By Carlo Muñoz - 01/04/13 05:53 PM EST
More than 80 detainees were set free from facilities across the country Friday, with another 400 to be released by the end of this week, Afghan National Police Maj. Jalal Uddin told The Associated Press on Friday.
"We are certain they can help bring peace in Afghanistan and will support the government," Uddin told the AP.
American, Afghan and Pakistani officials in the Safe Passage Working Group have been putting together a transition plan designed to allow top-tier Taliban leaders to participate in upcoming peace talks once U.S. forces leave in 2014.
Members of the Afghan-led Safe Passage Working Group, who helped negotiate Friday's prisoner release, have also been reaching out to Taliban leaders with the goal of setting up a peace plan once U.S. forces depart.
American and coalition commanders officially handed over control of the detention facilities in Afghanistan to local control last year, including the massive military prison in the central Afghanistan province of Parwan.
The move was part of the White House's plan to hand over all security operations to the Afghans and pull out all U.S. combat troops from the country by 2014.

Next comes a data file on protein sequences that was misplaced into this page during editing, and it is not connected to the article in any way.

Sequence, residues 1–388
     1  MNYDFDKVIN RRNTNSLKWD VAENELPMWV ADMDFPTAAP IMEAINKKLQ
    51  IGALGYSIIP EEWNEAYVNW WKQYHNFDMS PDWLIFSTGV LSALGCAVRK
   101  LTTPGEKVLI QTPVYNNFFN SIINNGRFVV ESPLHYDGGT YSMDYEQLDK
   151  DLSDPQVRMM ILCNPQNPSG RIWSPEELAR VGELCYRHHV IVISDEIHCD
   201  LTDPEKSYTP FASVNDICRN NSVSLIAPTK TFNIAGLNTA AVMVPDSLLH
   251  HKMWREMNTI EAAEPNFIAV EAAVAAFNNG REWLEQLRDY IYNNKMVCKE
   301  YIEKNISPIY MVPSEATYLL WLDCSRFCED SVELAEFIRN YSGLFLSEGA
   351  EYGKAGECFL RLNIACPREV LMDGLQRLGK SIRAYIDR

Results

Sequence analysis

The release of suspected terrorists by Afghan authorities has been a major point of concern among lawmakers, who fear the suspects could return to the battlefield against U.S. and coalition forces.
“One of the big issues is we have ... is that it’s difficult to determine who has re-engaged,” Sen. Kelly Ayotte (R-N.H.) said during a Senate Armed Services Committee hearing last March.
“We can’t always reconfirm who’s out there, who’s back fighting us again. And often we find them when we encounter them, [on] the battlefield or elsewhere ... [and] one terrorist re-engaging is too many,” she said at the time.
Similar concerns arose among lawmakers regarding the Afghans' ability to adequately secure the prisons, particularly the Parwan facility that has now surpassed the U.S. prison Guantánamo Bay. in Cuba, as the largest American detention center overseas.
Afghan President Hamid Karzai has long been opposed to U.S. detention practices where terror suspects are held in U.S. custody for indefinite amounts of time, often without being formally charged.
That said, the Pentagon opted to retain custody of hundreds of high-risk terror detainees as part of the handover deal reached with Kabul.